11. When a tenant resists a petition for eviction on the ground that the building has ceased to be residential in character, a two-fold approach to the question becomes necessary. Firstly, the Controller has to consider whether conversion did take place as allowed by law (vide Section 18 of Act 15 of 1960). If such a conversion has taken place, the effect of it is absolute and the inquiry whether the landlord permitted the user for a non-residential purpose is irrelevant. Secondly, even in the absence of a conversion in the manner ordained by law, it may be that, the landlord, by his conduct has forfeited his right to recover the premises for use as residence. This disability is personal and stems out of the rule of estoppel. It is the conduct of the landlord that results in the erection of a barrier although there is neither a change in the character of the building nor a written consent, sanctioning the user of the premises in a manner at variance with the initial understanding.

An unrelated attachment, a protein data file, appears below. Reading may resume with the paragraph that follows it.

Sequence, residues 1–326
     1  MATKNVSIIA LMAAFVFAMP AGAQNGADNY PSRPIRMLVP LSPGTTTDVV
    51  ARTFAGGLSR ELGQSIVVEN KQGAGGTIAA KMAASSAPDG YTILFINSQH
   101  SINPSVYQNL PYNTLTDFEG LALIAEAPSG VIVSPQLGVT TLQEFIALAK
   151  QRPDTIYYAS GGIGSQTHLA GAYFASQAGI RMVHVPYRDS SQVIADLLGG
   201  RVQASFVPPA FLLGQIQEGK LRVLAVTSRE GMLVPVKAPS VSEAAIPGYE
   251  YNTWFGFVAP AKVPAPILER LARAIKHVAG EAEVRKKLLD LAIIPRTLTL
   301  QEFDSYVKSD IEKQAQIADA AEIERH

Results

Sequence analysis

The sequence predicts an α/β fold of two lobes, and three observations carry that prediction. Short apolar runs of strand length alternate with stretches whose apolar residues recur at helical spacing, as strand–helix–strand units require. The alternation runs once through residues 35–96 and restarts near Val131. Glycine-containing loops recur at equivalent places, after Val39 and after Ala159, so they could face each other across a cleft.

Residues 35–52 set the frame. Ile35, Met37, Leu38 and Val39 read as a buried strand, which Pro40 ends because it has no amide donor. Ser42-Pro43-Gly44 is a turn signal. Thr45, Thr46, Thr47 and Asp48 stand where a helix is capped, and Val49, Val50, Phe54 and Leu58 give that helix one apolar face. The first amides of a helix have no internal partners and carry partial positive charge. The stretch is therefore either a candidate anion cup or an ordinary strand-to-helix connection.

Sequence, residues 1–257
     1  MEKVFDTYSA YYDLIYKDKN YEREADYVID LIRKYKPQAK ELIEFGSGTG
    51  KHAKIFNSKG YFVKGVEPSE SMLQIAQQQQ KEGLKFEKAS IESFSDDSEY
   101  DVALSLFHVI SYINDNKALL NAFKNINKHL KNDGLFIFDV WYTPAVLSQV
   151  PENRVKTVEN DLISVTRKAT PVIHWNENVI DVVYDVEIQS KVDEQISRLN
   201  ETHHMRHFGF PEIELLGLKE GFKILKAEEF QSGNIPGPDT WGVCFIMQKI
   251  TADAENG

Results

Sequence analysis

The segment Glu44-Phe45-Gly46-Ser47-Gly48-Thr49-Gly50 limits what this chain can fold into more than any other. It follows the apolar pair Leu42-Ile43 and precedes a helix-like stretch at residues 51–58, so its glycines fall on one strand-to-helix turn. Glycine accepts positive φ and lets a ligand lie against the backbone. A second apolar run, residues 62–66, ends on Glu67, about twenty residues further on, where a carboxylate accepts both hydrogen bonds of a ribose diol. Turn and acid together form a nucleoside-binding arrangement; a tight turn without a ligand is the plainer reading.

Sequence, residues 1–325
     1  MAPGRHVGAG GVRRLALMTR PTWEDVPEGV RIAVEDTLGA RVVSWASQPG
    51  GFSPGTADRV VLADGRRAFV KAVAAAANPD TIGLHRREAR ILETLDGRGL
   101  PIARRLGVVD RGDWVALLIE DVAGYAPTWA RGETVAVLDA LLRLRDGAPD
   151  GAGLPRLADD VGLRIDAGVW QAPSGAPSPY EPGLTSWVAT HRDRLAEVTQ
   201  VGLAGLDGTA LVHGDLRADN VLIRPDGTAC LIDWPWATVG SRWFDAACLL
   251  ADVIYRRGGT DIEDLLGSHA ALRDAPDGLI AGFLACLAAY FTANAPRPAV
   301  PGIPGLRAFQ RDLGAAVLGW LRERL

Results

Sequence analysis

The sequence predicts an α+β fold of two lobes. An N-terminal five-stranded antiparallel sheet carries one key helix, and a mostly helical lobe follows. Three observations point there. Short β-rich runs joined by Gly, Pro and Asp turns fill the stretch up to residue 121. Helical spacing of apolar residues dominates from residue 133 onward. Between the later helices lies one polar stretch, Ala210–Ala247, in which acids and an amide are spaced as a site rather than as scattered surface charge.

12. In the second category, the disability arising out of estoppel does not impair the rights of a successor-in-interest. It is manifest that in any even the estoppel does not survive beyond the lifetime of the person estopped.